God of the Shilluk, tribesmen living on the upper reaches of the River Nile. Shilluk cosmology represents the universe as the two divine loaves, opunne, the heaven and the earth, divided by the great river, the Nile. Juok, a deity of many facets, is omnipresent; he gave the Shilluks cattle, millet, and fish for their sustenance, and is still the giver and sustainer of life through his breath. He also ‘liftest up’ the sick.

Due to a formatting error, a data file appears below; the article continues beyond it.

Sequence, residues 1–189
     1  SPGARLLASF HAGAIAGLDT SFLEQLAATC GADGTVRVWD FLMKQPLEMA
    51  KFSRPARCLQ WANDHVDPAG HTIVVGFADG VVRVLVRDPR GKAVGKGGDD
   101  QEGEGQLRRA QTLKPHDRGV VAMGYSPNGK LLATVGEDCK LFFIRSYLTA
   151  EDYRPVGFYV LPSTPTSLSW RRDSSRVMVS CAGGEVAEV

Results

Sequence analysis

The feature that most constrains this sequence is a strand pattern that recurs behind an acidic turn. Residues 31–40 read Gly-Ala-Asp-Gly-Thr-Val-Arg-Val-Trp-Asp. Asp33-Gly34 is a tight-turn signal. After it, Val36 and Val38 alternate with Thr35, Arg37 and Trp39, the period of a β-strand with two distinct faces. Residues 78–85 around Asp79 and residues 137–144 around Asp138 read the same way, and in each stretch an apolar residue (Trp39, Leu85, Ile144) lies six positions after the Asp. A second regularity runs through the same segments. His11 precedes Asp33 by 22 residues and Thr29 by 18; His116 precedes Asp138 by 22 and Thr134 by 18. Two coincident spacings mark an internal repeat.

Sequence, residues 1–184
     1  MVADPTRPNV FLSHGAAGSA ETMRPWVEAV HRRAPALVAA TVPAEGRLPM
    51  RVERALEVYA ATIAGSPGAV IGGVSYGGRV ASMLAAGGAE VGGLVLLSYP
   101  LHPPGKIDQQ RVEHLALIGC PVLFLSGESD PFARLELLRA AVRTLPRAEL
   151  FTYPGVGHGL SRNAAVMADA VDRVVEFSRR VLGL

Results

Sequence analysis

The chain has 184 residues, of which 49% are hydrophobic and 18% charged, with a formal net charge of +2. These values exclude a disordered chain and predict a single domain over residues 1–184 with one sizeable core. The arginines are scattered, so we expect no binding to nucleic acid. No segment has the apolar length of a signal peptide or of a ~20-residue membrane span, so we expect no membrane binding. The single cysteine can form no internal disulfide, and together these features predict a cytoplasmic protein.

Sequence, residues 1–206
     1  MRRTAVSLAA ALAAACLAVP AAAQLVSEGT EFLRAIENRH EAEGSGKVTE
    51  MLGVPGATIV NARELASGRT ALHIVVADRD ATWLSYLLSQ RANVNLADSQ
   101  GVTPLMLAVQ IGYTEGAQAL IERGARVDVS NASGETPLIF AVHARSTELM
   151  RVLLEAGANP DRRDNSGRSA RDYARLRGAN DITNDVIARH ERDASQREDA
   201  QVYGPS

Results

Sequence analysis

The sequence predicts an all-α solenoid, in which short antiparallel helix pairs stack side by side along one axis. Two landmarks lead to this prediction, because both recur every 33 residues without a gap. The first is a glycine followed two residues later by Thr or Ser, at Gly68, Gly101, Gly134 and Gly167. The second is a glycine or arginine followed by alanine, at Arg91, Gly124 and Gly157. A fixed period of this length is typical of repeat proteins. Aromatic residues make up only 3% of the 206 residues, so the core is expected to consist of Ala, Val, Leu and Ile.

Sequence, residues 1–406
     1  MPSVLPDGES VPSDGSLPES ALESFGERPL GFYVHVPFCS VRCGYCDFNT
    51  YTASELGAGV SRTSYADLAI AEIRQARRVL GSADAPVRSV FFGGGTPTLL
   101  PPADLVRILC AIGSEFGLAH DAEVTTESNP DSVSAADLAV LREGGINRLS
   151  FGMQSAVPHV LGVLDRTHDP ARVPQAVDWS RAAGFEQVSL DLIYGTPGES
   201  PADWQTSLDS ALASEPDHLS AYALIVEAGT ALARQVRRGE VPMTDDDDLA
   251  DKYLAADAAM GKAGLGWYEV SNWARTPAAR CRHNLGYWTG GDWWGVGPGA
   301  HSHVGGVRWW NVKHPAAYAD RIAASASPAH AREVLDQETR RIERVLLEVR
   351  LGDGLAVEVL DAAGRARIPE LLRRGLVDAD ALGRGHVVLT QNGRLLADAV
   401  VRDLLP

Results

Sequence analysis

Nyikang, a semi-legendary king, is usually invoked as an intermediary when Juok is addressed in prayer. Possibly Nyikang acts as a manifestation of the supreme deity on the earthly loaf. Society appears to have been established by this ancestor, who is never spoken of as having died. Nyikang either ‘went up’, or ‘became the wind’. His successors, later occupants of the ‘divine throne’, are said to have continued his mission, the upholding of human society. The Shilluk call their king ‘child of god’, ‘last-born of god’, and ‘reflection of the ancestors’.